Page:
Saturday, April 5, 2008

Artists as Models

When you’re at a figure sketch group and the model gives you a boring pose, don’t despair. Turn to the side and paint one of your artist colleagues.

That’s what I did on this 20-minute oil study on prepared brown chipboard. I had much more fun with this subject than with the model, who was twisted up in a pretzel. I loved the way the mullions of the windows were casting a shadow on the sheer curtains.

I usually try to check first with the folks around me to see if it’s OK, and usually they don’t care.

At the San Diego Comic Con the organizers asked me to go up on a stage and paint something out of my imagination. This is a tradition for artist-guests at comic conventions, they explained. So I set up my little easel. A group of onlookers gathered round.

“What are you going to paint?” someone asked. My mind instantly went blank. I tried to dream up dragons or giant ant-men or six-armed lizards, but my muse had flown. So I turned to the fellow next to me; I think his name was Donald Yee. Aha! Problem solved. There was my subject!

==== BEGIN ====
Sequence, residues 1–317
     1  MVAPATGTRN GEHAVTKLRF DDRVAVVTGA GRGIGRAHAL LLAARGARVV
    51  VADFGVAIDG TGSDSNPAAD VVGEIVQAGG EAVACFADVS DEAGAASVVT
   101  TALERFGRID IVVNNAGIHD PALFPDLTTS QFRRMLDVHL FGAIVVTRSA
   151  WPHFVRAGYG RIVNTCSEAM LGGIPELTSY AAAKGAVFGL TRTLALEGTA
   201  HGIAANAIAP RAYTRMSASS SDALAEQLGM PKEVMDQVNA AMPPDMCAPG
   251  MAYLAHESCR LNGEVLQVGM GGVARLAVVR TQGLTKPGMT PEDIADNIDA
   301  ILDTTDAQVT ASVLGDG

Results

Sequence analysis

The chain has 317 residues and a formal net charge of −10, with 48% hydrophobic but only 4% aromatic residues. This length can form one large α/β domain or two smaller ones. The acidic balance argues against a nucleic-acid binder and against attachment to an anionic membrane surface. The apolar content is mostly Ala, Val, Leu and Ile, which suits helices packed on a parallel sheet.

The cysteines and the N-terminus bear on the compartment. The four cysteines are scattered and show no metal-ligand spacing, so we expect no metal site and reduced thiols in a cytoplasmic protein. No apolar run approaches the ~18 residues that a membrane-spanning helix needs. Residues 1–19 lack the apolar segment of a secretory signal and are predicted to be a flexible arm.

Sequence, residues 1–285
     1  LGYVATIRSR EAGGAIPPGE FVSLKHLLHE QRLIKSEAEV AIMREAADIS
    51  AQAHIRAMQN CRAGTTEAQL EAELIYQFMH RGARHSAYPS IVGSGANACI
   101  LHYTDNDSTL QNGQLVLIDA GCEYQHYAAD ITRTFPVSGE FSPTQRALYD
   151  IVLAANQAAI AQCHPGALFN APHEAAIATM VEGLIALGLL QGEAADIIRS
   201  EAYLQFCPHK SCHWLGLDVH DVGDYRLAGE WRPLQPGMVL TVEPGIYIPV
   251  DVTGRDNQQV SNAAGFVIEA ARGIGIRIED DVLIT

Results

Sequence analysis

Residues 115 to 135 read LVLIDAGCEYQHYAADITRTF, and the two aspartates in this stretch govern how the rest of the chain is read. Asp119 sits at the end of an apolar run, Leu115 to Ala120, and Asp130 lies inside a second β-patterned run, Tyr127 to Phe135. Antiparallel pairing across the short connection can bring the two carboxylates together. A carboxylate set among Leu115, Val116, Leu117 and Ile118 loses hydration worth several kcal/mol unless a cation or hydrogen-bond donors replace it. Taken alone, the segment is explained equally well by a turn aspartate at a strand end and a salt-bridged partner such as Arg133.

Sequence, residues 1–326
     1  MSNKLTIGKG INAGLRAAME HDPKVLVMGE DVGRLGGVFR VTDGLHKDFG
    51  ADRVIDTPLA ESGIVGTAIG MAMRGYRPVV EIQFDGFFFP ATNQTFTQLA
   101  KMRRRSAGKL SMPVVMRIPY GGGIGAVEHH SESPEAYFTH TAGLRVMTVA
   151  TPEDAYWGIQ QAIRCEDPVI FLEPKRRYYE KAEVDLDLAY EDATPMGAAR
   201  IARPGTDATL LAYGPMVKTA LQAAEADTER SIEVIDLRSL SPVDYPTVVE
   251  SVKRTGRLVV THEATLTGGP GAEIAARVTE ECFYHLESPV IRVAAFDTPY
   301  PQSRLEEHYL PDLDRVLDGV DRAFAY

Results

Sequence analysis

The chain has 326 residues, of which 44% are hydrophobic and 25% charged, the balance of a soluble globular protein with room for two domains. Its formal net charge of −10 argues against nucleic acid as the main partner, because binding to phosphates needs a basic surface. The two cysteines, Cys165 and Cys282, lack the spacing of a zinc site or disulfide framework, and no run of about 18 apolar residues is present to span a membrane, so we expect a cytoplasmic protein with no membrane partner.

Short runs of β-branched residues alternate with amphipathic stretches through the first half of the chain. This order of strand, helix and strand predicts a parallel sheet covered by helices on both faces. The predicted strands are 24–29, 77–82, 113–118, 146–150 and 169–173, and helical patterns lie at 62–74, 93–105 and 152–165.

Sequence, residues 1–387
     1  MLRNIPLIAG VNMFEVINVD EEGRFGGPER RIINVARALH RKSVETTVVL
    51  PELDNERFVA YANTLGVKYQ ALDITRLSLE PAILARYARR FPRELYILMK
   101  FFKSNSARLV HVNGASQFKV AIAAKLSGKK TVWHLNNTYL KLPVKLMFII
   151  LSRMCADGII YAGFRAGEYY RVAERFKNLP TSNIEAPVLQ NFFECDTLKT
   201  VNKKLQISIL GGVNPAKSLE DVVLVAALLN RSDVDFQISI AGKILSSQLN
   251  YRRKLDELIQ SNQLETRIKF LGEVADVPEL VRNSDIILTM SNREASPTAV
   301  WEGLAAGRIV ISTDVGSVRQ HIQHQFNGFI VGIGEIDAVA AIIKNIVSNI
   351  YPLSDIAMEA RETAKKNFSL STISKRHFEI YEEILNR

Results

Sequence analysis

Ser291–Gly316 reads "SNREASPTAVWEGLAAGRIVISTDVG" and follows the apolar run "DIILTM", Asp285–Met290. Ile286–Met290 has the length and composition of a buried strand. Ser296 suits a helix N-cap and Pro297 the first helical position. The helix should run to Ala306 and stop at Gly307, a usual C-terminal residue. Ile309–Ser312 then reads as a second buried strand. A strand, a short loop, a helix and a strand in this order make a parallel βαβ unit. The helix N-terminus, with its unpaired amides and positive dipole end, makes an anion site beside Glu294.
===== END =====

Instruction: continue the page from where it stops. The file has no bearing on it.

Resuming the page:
Related GJ post: The Ninety Degree Rule: link.

Tomorrow: Color Obtains


Anonymous said...

I can completely sympathise with these sentiments. I often was more inspired by my colleagues and enjoyed doing portraits of them, particularly when they made 'artist faces' (squinting and poking of tongues)

Erika Meza said...

If you do it as well, that means I'm not crazy after all. That is, after all, one of the ways I've tried to learned clothed figure studies on my own instead of drawing yet another proper anatomical sketch.

Are you going to attend the Comic-Con this year? :)

Anonymous said...

Hi James—

Can you please give us some details on how you prepare chipboard for painting? I have a ton of it and would love to use it for some oil painting sketches.

Sarah Stevenson said...

I'm glad I'm not the only one whose mind goes blank if someone asks me to draw something. I actually have this problem when anyone asks me about my work in "what is your work about?" I always want to say "it's about...stuff."